As unattended retail continues to expand beyond traditional workplaces, micro market operators must be cognizant of the challenges of serving public locations. Micro markets in transportation hubs, auto dealerships, common space breakrooms, healthcare, apartment complexes and hospitality locations offer great opportunities for operators. Clearly, these public locations will require careful consideration by operators regarding technology choices, the market design, product selection and promotion.
Ryan McWhirter, vice president of products at 365 Retail Markets, said that micro markets serving public venues are becoming increasingly prevalent, with most of the current growth being seen in hospitality through unattended hotel and motel lobby markets, but that is changing. “With our acquisition of Avanti, we now see our Smart Markets in multiple airport settings as well. Along with Smart Market, our Stockwell and PicoCooler products are also designed to serve public locations,” McWhirter said.
Pointing to ongoing labor issues, including labor shortages, staff fluctuations and increasing labor costs, Peter Flesvig, vice president of communications at 365, said that unattended retail in public locations is a logical choice. Flesvig added that there are over 10,000 healthcare sites, thousands of colleges, universities, hotels, lodging sites and airports, all seeking solutions to ongoing labor issues.
At a recent conference in Italy, Flesvig said the conversation was about the coming growth of micro markets, with 30,000 new markets projected across Europe over the next five years. Flesvig noted that with all of that growth, plenty of markets will find their way into the public domain, especially as consumers become more comfortable with the concept.
When it comes to technology, Flesvig said that user experience is always important and that the checkout process should be easy and fast, with multiple checkout stations. “From an operator's perspective, you want to make sure that you have aesthetically beautiful technology, but you also want to make sure it's a durable and reliable technology,” he said. “With the right technology, we can eliminate lost sales, like the person in the back of the line who simply walks away after waiting too long to purchase a bottle of water.”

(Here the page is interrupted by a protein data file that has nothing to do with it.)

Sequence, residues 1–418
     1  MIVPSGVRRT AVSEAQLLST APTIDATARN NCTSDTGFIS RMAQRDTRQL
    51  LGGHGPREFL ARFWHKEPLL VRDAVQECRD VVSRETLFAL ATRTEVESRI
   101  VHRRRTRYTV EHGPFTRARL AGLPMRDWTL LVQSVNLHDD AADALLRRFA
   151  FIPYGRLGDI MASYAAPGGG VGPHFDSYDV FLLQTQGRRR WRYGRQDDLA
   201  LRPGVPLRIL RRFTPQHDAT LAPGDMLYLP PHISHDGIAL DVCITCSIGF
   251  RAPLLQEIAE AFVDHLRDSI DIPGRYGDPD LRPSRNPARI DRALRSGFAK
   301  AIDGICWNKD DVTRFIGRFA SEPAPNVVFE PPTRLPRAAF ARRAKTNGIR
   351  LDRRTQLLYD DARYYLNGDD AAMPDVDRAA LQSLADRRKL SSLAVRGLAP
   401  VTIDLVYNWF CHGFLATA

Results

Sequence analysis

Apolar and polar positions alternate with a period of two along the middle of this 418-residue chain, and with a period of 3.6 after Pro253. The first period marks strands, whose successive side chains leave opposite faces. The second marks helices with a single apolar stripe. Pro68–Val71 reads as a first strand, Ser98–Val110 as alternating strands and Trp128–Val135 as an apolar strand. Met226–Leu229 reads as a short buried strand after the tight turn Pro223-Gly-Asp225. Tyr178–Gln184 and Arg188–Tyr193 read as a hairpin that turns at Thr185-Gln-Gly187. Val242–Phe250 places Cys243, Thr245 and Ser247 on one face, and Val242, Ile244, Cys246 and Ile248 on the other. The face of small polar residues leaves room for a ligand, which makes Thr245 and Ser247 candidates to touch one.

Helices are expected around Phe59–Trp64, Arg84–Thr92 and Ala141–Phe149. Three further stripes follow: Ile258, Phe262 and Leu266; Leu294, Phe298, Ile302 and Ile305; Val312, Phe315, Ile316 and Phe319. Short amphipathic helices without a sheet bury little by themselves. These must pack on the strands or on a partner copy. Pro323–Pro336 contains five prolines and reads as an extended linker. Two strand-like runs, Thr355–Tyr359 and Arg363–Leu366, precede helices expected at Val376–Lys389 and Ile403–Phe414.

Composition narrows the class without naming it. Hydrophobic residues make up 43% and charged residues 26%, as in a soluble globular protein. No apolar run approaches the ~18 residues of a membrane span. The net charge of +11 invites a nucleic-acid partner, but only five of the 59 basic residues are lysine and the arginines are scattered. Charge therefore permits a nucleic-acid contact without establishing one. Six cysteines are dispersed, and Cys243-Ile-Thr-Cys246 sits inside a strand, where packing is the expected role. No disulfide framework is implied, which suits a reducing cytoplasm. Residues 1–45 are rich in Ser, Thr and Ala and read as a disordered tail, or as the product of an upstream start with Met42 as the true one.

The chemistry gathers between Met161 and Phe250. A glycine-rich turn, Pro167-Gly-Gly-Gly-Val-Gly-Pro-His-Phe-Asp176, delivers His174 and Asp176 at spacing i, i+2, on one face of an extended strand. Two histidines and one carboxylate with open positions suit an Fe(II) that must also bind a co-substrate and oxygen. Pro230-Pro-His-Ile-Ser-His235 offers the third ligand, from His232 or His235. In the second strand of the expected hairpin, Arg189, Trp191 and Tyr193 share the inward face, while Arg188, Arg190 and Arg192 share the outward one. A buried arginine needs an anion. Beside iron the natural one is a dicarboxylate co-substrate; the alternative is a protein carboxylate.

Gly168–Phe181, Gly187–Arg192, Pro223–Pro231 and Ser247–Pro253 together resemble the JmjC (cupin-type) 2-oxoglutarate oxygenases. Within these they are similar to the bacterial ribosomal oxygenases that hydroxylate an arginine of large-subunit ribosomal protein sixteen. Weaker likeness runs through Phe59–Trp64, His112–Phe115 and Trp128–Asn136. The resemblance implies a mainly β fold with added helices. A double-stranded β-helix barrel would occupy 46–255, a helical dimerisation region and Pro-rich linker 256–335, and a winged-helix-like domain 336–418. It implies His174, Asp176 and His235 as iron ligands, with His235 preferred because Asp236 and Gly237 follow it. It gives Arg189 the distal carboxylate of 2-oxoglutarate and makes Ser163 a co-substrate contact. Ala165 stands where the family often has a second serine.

Troy Geis, co-founder of Fixturelite, said design and durability are critical in a public micro market setting. “Consider the sheer volume. In a hotel, you're going to have maybe one or two people in a market at the time, maybe three. In an airport, it comes in waves as the flights arrive and depart. You can be inundated with hundreds of people walking by you in a line of 20 or 30 deep in your retail space, and then suddenly, it is quiet,” said Geis. “Planning for space and traffic flow is essential. You need to find the balance between accommodating these big waves of people and then nothing for another couple of hours.”
Steve Orlando, also a co-founder at Fixturelite, added, “Obviously, an operator who is lucky enough to be serving a high-volume public location should not skimp on quality when it comes to coolers and fixtures. The market needs to be attractive and durable and utilizing proven retail product placement strategies.”
“If your market looks congested, then you may lose customers because they don't want to get caught up in that traffic flow problem and they will subconsciously avoid the store,” said Geis. “I just saw it happen in a market in Chicago. It was horseshoe-shaped, so once you entered, you were trapped until the congestion let up. I personally avoided it and went elsewhere.”
Geis added, “You need multiple points of entrance and departure. At each point of departure, you should have a payment solution. No matter how many people walk in there, you can have two or three different people checking out simultaneously without holding anyone up.”
“Product category management is important in every micro market, but it is especially critical in a public micro market setting,” said Malcolm McAlpine, Business Manager, Branded Snacks, at Mondelēz International. “A public market setting probably isn’t the place to test out new and untried products. I really don't think it's a good venue to experiment with new items,” noted McAlpine. “With a public micro market, you are going to have to make it more like a convenience store – featuring top-selling items.”
“In public markets, you really have to catch the customer’s eye, because again, you’re moving people through the market fairly quickly, so you need some very eye-catching point of sale, merchandising and promotional information if you're going to promote,” said McAlpine. “1 believe the best formats of promotions are bundling and instant discounts. I think that the type of cross-channel promotion that we tested with Santikos, a San Antonio movie theatre chain, will also work in a public market setting, because it just takes two seconds to scan a QR code.”
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